Distributed ledgers are young and the methods and modes of governance, along with those entities participating in their governance, are in flux. There are many decisions yet to be made. What's more, there's not one distributed ledger, but many. We're still experimenting with what will work and what won't.

While a perfectly decentralized system may be beyond our reach and even undesirable for many reasons, we can certainly do better than the centralized systems that have grown up on the Web to date. Might we come up with even more decentralized systems in the future? Yes. But that shouldn't stop us from creating the most decentralized systems we can now. And for now, we've seen that governance is necessary. Let's keep it light and open and move forward.


Governance for Distributed Ledgers

Fiduciary Trust Building

This article by Angela Walch from American Banker makes the (excessively snarky) case that distributed ledger developers and miners ought to be held accountable as fiduciaries.

Non-permissioned distributed ledgers like Ethereum will continue to serve important needs, but organizations like banks, insurance companies, credit unions, and others who act as fiduciaries and must meet regulatory requirements, will prefer permissioned ledgers that can provide explicit governance. See Properties of Permissioned and Permissionless Blockchains for more on this.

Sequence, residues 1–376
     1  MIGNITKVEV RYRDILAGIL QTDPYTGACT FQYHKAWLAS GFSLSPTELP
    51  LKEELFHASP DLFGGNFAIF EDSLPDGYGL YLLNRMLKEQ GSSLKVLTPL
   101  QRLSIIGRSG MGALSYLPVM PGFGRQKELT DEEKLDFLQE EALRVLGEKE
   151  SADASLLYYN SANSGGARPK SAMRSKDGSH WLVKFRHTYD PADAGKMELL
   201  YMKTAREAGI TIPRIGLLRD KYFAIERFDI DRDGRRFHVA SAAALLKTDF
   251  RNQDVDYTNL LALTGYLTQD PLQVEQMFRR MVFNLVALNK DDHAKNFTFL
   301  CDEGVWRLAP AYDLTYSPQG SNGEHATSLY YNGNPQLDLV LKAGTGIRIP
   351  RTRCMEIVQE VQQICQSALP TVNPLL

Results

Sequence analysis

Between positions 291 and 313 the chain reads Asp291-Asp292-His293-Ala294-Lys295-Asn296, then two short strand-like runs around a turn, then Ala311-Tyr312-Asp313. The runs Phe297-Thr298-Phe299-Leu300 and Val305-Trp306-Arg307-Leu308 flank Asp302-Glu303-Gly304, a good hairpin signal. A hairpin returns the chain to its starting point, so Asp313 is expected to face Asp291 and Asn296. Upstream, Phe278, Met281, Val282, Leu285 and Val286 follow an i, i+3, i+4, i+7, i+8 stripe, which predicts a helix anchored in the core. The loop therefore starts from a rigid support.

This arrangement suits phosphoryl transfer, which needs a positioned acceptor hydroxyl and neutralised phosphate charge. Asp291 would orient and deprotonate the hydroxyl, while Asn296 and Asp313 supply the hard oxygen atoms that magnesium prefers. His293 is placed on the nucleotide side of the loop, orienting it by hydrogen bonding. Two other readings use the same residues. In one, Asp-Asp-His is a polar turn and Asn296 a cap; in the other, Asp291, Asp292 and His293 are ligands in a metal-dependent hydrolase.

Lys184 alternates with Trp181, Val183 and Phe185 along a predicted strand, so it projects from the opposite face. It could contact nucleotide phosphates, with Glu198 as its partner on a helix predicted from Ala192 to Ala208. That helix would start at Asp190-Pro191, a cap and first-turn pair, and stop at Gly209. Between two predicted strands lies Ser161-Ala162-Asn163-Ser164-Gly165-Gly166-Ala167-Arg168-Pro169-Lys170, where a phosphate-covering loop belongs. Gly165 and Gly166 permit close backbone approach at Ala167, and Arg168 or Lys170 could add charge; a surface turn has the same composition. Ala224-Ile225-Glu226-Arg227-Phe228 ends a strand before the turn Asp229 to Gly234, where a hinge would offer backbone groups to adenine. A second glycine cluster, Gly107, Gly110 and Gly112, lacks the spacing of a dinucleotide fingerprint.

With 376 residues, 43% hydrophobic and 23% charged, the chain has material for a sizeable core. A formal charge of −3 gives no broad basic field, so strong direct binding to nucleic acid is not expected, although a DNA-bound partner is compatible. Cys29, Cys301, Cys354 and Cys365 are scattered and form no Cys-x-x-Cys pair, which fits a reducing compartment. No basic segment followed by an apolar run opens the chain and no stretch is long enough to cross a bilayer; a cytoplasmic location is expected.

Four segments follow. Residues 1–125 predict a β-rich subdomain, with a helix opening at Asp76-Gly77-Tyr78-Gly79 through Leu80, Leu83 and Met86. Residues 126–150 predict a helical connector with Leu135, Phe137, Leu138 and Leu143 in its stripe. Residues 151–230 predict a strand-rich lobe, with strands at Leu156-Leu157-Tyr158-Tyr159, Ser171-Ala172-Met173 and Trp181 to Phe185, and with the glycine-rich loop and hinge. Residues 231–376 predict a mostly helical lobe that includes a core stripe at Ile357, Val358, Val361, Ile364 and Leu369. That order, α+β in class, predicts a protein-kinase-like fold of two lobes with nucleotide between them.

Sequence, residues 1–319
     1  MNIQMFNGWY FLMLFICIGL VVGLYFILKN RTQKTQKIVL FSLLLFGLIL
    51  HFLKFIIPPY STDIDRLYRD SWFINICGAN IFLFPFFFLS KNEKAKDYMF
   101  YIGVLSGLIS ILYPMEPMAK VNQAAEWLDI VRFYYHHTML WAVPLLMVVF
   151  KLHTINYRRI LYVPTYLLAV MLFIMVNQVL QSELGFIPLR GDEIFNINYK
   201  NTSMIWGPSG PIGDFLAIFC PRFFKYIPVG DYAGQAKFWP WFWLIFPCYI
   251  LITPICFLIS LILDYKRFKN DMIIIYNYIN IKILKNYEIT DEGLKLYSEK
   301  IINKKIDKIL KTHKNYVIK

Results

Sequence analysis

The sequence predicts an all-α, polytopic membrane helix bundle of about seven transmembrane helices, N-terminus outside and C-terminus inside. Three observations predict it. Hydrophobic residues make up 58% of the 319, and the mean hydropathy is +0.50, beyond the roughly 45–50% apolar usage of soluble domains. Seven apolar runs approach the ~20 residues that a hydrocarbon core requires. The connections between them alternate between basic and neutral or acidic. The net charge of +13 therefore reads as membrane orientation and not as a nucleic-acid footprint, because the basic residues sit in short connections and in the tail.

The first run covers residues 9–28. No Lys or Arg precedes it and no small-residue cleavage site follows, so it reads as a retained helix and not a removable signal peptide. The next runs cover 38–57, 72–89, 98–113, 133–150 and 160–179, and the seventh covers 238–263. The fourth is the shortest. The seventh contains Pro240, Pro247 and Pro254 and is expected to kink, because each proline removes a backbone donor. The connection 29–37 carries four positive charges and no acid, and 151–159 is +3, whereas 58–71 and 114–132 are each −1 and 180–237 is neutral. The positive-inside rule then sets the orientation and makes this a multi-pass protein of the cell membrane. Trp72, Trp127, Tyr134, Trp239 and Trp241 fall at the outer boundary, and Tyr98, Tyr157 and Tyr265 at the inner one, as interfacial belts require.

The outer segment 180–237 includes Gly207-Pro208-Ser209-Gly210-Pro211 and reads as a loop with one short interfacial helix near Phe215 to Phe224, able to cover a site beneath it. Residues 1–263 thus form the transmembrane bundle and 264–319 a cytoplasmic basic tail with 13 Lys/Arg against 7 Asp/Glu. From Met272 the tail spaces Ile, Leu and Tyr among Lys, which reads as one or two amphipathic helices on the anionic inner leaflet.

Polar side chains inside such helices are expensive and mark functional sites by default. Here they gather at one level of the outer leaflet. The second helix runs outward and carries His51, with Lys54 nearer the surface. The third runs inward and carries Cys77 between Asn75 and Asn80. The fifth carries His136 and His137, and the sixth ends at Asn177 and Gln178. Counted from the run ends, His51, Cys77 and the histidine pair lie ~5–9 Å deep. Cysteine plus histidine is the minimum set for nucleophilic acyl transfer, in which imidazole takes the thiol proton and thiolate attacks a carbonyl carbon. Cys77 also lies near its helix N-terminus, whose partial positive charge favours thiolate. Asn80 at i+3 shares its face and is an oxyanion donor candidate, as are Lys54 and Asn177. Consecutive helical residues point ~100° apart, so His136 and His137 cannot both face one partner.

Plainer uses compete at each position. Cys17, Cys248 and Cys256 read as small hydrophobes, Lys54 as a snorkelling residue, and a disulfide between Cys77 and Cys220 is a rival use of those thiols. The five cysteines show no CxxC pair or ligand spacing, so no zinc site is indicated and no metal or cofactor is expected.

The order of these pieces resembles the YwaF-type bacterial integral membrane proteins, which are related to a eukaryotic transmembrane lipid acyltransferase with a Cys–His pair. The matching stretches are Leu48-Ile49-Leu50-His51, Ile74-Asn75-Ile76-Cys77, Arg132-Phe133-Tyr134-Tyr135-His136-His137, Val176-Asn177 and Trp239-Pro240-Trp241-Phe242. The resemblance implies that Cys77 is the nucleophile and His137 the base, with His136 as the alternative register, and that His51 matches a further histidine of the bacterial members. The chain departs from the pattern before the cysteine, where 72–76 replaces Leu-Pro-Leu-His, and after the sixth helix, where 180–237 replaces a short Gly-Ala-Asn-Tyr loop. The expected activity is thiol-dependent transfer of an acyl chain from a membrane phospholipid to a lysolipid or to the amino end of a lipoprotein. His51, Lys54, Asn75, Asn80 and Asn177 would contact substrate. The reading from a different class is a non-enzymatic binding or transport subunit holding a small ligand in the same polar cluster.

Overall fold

Governance models for permissioned ledgers should strike a careful balance between what’s in the code and what’s decided by humans. Having everything in code isn’t necessarily the answer. But having humans too heavily involved can open the system up to interference and meddling—both internal and external.

Permissioned ledgers also need to be very clear about what the procedures are for adjudicating problems with the ledger. They can’t be seen as ad hoc or off the cuff. We must have clear dispute resolution procedures and know what disputes the governance system will handle and those it won't.